Forecasted free cash flows (operating profit + depreciation + amortization of goodwill – capital expenditures – cash taxes – change in working capital) are discounted to a present value using the company’s weighted average costs of capital. DCF analysis shows that changes in long-term growth rates have the greatest impact on share valuation. Investors can also use the DCF model as a reality check. Instead of trying to come up with a target share price, they can plug in the current share price and, be working backward, calculate how fast the company would need to grow to justify the valuation. The lower the implied growth rate, the better – less growth has therefore already been “priced into” the stock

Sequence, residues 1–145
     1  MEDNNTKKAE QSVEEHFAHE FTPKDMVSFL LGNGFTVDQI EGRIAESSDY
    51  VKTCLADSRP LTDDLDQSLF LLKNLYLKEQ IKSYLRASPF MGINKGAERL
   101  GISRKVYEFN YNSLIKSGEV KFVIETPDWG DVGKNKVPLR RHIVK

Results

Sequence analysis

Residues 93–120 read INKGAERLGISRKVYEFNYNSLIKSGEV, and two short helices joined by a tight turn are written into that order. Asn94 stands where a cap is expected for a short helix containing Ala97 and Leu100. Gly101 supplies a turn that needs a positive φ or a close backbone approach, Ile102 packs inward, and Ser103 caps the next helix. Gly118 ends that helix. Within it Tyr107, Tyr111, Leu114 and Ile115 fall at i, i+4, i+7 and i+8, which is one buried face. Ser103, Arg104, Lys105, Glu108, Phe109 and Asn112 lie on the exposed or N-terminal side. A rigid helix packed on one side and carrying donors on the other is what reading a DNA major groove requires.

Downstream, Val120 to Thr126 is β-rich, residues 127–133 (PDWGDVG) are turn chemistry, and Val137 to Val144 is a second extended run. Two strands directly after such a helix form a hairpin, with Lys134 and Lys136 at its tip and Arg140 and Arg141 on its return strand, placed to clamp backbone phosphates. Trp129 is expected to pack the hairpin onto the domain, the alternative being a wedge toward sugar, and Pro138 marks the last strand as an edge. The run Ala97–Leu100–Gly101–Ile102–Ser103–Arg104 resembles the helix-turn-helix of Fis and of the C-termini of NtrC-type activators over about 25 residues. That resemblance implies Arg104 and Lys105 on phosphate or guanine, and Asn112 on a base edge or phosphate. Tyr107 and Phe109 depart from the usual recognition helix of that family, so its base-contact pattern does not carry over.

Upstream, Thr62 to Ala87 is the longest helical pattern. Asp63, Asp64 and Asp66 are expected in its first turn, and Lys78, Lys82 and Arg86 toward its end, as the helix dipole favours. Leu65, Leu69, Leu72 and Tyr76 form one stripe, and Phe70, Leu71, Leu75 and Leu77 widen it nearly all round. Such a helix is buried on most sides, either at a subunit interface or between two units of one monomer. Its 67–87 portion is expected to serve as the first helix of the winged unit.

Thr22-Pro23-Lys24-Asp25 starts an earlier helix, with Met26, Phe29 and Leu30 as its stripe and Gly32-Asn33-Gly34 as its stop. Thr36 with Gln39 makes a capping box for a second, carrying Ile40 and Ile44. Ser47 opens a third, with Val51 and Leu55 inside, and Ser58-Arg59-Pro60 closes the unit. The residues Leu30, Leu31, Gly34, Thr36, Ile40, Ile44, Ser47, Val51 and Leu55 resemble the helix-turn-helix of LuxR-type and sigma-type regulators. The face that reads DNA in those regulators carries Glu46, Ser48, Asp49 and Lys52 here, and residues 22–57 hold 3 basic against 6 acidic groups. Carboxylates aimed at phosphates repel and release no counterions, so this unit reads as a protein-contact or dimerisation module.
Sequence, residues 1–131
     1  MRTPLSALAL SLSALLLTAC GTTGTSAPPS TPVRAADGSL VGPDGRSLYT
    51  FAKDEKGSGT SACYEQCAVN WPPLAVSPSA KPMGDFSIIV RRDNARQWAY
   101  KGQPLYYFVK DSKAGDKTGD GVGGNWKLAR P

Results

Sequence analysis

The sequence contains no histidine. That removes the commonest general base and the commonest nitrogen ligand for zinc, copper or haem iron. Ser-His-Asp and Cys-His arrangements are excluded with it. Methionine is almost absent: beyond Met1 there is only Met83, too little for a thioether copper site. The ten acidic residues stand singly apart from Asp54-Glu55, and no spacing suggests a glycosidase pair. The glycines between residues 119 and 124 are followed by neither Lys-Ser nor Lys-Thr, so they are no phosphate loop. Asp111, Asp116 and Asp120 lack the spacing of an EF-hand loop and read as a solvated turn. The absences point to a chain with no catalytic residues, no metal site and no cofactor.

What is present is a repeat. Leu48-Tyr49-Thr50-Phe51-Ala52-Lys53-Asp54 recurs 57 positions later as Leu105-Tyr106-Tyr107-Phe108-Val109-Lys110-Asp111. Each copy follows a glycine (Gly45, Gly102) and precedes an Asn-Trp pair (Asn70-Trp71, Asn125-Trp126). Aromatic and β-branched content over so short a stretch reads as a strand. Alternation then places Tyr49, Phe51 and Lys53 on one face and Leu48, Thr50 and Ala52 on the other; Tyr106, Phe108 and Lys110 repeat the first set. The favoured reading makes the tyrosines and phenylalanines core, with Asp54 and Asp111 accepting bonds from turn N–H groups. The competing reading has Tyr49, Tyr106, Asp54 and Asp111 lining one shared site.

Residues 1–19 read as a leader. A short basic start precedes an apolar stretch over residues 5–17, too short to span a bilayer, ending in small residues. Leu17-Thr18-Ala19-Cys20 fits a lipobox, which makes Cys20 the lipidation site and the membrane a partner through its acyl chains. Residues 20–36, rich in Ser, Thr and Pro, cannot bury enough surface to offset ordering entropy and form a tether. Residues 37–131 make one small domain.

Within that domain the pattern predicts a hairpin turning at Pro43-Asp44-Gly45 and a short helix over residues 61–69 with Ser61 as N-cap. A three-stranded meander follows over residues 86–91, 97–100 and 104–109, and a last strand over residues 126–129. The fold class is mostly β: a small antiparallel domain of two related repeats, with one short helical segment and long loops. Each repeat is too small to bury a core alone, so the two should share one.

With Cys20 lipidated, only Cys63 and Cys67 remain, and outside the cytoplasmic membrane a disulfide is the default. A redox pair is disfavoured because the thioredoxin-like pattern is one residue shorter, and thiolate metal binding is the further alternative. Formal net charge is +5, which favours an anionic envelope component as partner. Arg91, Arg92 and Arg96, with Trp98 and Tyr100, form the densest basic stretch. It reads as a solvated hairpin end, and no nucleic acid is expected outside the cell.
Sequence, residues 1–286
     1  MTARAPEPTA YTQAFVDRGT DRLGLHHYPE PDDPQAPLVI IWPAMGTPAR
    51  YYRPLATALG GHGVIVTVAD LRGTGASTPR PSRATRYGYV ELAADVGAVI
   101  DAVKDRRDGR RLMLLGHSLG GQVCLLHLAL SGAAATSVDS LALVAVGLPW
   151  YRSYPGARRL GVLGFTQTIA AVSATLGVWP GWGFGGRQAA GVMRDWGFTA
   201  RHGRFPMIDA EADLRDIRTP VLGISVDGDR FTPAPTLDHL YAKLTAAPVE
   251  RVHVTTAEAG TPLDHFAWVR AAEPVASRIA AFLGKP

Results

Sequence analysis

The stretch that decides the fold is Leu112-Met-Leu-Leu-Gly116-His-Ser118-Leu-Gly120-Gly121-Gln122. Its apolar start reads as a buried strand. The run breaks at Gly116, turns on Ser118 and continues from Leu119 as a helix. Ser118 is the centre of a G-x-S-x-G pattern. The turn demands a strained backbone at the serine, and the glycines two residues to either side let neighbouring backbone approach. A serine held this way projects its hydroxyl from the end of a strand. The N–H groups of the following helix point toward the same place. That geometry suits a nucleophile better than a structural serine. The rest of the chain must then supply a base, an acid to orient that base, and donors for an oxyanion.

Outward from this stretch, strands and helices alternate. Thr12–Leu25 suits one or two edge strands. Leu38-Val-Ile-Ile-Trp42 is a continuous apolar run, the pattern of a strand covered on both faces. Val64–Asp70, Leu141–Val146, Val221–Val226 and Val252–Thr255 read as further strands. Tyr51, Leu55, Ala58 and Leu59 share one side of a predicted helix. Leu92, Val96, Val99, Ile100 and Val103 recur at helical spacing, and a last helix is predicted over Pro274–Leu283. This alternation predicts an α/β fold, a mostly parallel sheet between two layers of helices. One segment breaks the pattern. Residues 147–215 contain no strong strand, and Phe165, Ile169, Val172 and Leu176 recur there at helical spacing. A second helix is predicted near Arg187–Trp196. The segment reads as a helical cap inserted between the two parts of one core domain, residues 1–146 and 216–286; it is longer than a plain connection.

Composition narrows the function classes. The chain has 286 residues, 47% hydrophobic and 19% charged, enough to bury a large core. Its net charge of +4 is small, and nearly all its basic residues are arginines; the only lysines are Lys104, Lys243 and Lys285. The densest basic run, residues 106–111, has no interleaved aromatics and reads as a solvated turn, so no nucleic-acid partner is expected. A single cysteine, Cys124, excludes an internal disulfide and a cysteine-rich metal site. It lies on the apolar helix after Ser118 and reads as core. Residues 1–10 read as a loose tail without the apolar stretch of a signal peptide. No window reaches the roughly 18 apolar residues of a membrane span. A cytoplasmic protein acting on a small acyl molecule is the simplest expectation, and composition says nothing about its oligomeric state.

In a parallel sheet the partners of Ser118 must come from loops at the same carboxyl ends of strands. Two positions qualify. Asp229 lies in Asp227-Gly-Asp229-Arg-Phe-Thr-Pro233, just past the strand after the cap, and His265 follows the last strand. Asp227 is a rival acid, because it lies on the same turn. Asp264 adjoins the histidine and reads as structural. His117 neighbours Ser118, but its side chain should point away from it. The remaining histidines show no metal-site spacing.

The dividend discount model is a more conservative variation of discounted cash flows, that says a share of stock is worth the present value of its future dividends, rather than its earnings. The dividend discount model can be applied effectively only when a company is already distributing a significant amount of earnings as dividends. But in theory, it applies to all cases since even retained earnings should eventually turn into dividends. That’s because once a company reaches its “mature” stage it won’t need to reinvest in its growth, so management can begin distributing cash to the shareholders. (Plan “B” would be for the CEO to pursue some insane acquisition, just to gratify his bloated ego.) As Williams puts it,
If earnings not paid out in dividends are all successfully reinvested… then these earnings should produce dividends later.